The section of the interim report on contraception (54) is unproblematic and even good, in that it speaks about the beauty of being open to new life, of the goodness of natural methods, of the challenge of a declining birth rate and the need for spouses to receive formation that can help them become ever more self-giving.
There is, however, one cryptic, problematic, line. That line states: “We should go back to the message of the Encyclical Humanae Vitae of Paul VI, which underlines the need to respect the dignity of the person in the moral evaluation of the methods of birth control.” (54)
What is problematic about this line is that no such “message” appears in Humanae Vitae. Of course, the interim report was written hastily and perhaps there is a bit of sloppiness of expression here, for it seems to state that the dignity of the person means that the person has the freedom to morally evaluate the methods of birth control. And “moral evaluation” here seems to mean, “has the right to decide which methods are moral and which are not.” This interpretation seems to follow one that was advanced by many theologians after Humanae Vitae that stated that spouses were free to do what their consciences dictate in respect to contraception.
Whether that is what the authors of the interim report meant or not, it is surely not a concept present in Humanae Vitae.
The conscience, of course, is not the same as our opinion or judgment about whether a certain kind of act is right or wrong. The Catechism of the Catholic Church states:
Humanae Vitae speaks of the law of God, that man’s conscience is able to know. In section 10, the section on Responsible Parenthood (better translated “Conscious Parenthood),* we read:
[conscia paternitas ]
of which we speak here has another intrinsic foundation of utmost importance: it is rooted in the objective moral order established by God – and only an upright conscience can be a true interpreter of this order. For which reason, the mission [munus]
of conscious parenthood [paternitatis consciae]
requires that spouses recognize their duties toward God, toward themselves, toward the family, and toward human society, as they maintain a correct set of priorities.”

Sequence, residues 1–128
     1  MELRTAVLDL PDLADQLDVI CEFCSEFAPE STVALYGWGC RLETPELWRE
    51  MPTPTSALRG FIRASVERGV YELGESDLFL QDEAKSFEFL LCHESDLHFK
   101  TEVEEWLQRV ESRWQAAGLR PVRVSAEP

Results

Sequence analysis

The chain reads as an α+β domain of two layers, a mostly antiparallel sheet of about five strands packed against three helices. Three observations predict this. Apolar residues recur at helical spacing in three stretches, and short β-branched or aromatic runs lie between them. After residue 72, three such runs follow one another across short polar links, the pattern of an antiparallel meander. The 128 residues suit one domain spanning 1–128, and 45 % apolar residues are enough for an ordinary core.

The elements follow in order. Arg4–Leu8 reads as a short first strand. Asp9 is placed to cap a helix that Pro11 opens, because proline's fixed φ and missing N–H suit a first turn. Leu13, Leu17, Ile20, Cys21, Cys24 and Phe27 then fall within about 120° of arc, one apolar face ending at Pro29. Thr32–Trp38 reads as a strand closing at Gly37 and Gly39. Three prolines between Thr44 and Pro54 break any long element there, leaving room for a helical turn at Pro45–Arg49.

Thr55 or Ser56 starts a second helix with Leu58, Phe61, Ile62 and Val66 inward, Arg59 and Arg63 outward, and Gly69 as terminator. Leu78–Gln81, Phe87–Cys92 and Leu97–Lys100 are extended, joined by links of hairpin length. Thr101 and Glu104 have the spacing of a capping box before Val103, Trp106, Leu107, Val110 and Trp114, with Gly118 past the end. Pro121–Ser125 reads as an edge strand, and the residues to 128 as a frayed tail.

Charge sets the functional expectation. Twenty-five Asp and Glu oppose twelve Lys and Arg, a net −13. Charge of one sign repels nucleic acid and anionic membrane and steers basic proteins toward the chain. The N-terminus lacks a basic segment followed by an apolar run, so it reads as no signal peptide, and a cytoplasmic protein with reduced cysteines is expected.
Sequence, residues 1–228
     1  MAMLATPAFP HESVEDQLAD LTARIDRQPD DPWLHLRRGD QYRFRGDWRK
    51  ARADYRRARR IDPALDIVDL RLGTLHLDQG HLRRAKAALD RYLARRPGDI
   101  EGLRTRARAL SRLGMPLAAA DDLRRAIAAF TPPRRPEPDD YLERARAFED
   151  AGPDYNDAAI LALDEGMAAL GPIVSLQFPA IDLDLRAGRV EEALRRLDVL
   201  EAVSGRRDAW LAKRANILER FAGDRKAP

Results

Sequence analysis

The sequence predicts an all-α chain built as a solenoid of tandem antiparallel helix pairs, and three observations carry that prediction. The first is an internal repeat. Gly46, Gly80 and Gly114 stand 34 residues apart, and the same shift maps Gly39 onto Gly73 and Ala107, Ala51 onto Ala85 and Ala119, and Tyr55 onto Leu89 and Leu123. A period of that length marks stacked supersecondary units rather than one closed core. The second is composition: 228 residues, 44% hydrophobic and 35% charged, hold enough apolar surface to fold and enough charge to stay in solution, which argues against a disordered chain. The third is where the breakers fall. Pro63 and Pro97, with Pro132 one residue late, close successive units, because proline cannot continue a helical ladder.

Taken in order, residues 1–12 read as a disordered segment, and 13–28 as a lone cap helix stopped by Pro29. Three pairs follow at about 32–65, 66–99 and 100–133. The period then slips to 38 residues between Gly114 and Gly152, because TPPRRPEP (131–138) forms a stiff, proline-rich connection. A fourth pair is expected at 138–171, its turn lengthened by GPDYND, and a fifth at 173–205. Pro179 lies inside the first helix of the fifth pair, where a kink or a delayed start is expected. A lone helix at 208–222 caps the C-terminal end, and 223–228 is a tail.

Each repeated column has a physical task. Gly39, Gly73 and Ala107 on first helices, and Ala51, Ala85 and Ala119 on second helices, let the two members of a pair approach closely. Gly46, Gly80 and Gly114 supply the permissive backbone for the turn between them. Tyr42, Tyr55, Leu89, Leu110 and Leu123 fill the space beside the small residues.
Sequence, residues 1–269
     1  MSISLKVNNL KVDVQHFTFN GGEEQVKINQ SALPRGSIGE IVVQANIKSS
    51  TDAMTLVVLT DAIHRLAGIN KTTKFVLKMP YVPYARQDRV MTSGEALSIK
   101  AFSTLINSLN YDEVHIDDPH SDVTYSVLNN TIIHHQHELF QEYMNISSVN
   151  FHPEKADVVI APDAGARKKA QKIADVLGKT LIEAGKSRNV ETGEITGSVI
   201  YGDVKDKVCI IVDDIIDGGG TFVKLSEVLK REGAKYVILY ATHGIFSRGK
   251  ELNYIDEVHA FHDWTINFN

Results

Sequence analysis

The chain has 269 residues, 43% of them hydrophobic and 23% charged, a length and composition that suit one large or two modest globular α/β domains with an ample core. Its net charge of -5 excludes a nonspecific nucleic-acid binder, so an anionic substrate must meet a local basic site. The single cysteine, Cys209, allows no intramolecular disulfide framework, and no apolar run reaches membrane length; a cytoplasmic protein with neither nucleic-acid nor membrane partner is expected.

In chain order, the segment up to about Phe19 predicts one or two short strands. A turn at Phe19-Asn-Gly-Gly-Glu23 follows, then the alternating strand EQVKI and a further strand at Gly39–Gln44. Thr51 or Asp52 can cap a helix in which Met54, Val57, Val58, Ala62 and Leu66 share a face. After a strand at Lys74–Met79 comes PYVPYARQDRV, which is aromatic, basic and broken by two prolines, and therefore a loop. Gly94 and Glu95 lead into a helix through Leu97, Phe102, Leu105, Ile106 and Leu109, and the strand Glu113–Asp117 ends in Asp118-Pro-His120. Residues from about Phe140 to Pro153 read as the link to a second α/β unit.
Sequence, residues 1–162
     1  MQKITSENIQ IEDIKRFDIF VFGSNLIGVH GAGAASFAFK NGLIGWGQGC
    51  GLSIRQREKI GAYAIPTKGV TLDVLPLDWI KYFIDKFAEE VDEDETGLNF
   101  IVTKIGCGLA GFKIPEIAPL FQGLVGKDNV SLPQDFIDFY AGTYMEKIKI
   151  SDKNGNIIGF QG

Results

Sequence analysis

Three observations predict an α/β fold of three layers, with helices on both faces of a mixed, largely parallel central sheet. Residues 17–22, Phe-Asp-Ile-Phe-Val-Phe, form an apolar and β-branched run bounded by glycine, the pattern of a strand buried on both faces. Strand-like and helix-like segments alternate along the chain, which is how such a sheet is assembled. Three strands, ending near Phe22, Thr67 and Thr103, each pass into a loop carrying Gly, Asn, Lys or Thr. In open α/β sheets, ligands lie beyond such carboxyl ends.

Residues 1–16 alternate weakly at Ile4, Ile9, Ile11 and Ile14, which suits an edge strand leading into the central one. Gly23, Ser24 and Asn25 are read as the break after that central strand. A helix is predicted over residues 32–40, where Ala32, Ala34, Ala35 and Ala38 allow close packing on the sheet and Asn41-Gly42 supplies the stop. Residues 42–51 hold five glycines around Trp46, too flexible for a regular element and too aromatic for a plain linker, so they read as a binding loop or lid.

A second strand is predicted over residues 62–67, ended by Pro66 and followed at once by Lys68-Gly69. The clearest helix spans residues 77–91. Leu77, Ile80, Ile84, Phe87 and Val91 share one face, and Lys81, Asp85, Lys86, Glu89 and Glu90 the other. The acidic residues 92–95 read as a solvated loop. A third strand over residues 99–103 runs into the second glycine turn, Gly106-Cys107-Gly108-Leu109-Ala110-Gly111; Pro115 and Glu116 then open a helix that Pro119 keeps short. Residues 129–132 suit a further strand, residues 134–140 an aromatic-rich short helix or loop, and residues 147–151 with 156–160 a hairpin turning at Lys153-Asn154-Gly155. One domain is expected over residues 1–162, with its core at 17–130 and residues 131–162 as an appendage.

Humanae Vitae echoes constant Church teaching that there is an objective moral order – and that human dignity rests in our ability to discern that objective moral order and freely conform our actions to it. The role of the conscience is not to determine whether abortion, adultery, murder, or contraception are wrong, but it is to determine whether various actions qualify as abortion, adultery, etc. The Church, which has the power to interpret the natural law, teaches us that contraception violates the objective moral order in respect to both the procreative and the unitive meanings of the marital act (HV, 12). After it condemns abortion and sterilization, Humanae Vitae 14 states: “Similarly, there must be a rejection of all acts that attempt to impede procreation, both those chosen as means to an end and those chosen as ends. This includes acts that precede intercourse, acts that accompany intercourse, and acts that are directed to the natural consequences of intercourse.” Here Humanae Vitae makes it clear that all forms of contraception are not in accord with God’s plan for marital love.
A well-formed conscience would know this, a conscience likely formed by reading Humanae Vitae or learning what the Theology of the Body is all about. Someone who has prayerfully read Humanae Vitae and learned the concepts of the Theology of the Body and who still believes that impeding the baby-making power of the marital act is fully in accord with God’s will and constitutes an act of complete self-giving to one’s spouse, would need to ask a priest or a knowledgeable Catholic for further guidance. Should he or she still not understand/accept the Church’s teaching, this person would be in the same predicament as a person who thought abortion or slavery or rejection of immigrants is moral. For a Catholic, a key question is: if/when I disagree with the Church about some teaching, who is more likely to be right, the Church or I?
Clearly, I am not advocating blind obedience here; I am advocating that Catholics become fully informed but also that they be humble if they find it difficult to accept a teaching. My recommendation would be to spend a lot of time in front of the Blessed Sacrament and ask Jesus to enlighten them when they find a Church teaching objectionable.